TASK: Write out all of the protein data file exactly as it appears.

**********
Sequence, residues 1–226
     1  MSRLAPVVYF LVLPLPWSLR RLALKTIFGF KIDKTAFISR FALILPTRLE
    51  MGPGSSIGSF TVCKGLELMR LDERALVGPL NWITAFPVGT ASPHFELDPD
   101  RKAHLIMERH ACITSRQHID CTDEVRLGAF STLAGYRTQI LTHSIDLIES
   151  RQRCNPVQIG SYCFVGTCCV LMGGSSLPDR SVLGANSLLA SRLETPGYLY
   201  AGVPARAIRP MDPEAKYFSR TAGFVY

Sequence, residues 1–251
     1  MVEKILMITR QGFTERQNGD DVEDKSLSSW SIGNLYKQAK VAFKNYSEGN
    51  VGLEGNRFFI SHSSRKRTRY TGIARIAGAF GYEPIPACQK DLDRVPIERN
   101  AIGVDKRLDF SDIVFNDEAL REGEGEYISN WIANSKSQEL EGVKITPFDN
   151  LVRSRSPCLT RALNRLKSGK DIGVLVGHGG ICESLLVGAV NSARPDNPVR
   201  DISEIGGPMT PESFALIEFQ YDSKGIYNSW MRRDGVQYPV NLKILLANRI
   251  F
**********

Sequence, residues 1–226
     1  MSRLAPVVYF LVLPLPWSLR RLALKTIFGF KIDKTAFISR FALILPTRLE
    51  MGPGSSIGSF TVCKGLELMR LDERALVGPL NWITAFPVGT ASPHFELDPD
   101  RKAHLIMERH ACITSRQHID CTDEVRLGAF STLAGYRTQI LTHSIDLIES
   151  RQRCNPVQIG SYCFVGTCCV LMGGSSLPDR SVLGANSLLA SRLETPGYLY
   201  AGVPARAIRP MDPEAKYFSR TAGFVY

Sequence, residues 1–251
     1  MVEKILMITR QGFTERQNGD DVEDKSLSSW SIGNLYKQAK VAFKNYSEGN
    51  VGLEGNRFFI SHSSRKRTRY TGIARIAGAF GYEPIPACQK DLDRVPIERN
   101  AIGVDKRLDF SDIVFNDEAL REGEGEYISN WIANSKSQEL EGVKITPFDN
   151  LVRSRSPCLT RALNRLKSGK DIGVLVGHGG ICESLLVGAV NSARPDNPVR
   201  DISEIGGPMT PESFALIEFQ YDSKGIYNSW MRRDGVQYPV NLKILLANRI
   251  F